Tobi Alfier – 2 poems

Two Dollars a Day


When Frankie was a kid, anytime

he got lower than a “D” on his math

homework or tests, he got the strap—

if not from the principal, then

from his father. They had nightly calls,

the principal and his father. Frankie

would be on the back porch, wishing

the early evening clouds would

waver him away. His father

would be in the old brown recliner,

glass in one hand, phone in the other.

Mama would be in the kitchen pretending

to ignore everything, a sad sigh caught

in her throat for Frankie, her curly-haired

baby boy, who could argue the world

with Atlas but couldn’t make change.

Truth be told, his father couldn’t count

more than a four finger pour anyway,

but he did what he thought he was supposed

to do. Frankie left home as soon as he could.


No matter what, Frankie hid two dollars a day

for special secrets. The long summer gone, air

cooling into ice through his ancient jacket that wasn’t

a jacket, rain drizzling straight down or sideways,

it didn’t matter. Two dollars plus the cost of a cup

of coffee in his pocket—each morning

Frankie stopped at the Church of All Saints,

spent a dollar, lit a candle. For mama.

For his father. For his strap-numbed hands

and for all the people and places far from his small

life—anything that needed to be blessed.


And a dollar tip for Dinah at the café.

No matter that coffee was only 55 cents,

Dinah had a son who needed doctors.

She wouldn’t take charity but she would

take tips. Frankie had money for rent,

sometimes he just ate corn and beans,

but every day—a dollar for church, a dollar

for Dinah. Nightfall sinks through tenement

windows but not through Frankie’s heart,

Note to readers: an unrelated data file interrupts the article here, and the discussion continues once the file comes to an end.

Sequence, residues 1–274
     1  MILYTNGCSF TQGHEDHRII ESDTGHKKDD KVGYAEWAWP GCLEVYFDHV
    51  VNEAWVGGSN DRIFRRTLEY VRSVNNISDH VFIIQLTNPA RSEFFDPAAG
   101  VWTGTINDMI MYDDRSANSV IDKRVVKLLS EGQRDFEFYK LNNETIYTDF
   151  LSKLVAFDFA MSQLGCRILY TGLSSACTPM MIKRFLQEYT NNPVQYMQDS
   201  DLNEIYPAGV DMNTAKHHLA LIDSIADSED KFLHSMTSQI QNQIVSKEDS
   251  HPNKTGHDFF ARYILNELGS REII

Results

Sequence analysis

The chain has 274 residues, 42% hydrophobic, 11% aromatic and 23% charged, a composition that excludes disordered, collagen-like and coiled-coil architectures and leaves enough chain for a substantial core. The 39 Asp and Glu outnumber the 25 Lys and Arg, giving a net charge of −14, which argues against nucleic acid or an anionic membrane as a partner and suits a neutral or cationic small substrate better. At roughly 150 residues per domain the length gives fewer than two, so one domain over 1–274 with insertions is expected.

his mama’s sigh blown the way of a gentle breeze.





Immense Responsibility


They hug somewhat reluctantly


two magnets trying to touch

along their polar opposites

they share a child

they do not share anything else



She does not sleep well

he does not care

that has not changed


She gets his mail

the dentist leaves messages

confirming his appointments

on her phone that has

not changed


She bathes the son

cuts his hair

takes him to the doctor

goes to parent teacher conferences

alone that has not changed


And when he travels he does

not tell her, does not tell her

he will not be taking the son

so he can make the pizza

he can make the lunches

so she

can take a quick breath

that has not changed


She detects the scent of distraction

and maybe another woman

where once she used to smell

cigars she does not feel defrauded,

only a slight nudge that he is childless,

no responsibilities while she carries

the formidable weight of turning the son

into a fine man virtually alone.


That has not changed.





Tobi Alfier (Cogswell) is a multiple Pushcart nominee and multiple Best of the Net nominee. Her full-length collection “Somewhere, Anywhere, Doesn’t Matter Where” was published by Kelsay Books. “Slices of Alice & Other Character Studies” was recently published by Cholla Needles Press. She is co-editor of San Pedro River Review (

By Heavenly Flower Publishing

Bindweed Magazine publishes two anthologies each year: Midsummer Madness and Winter Wonderland. Bindweed is run as a not for profit, labour of love endeavour by an author/poet couple: Leilanie Stewart and Joseph Robert. Bindweed can be found at

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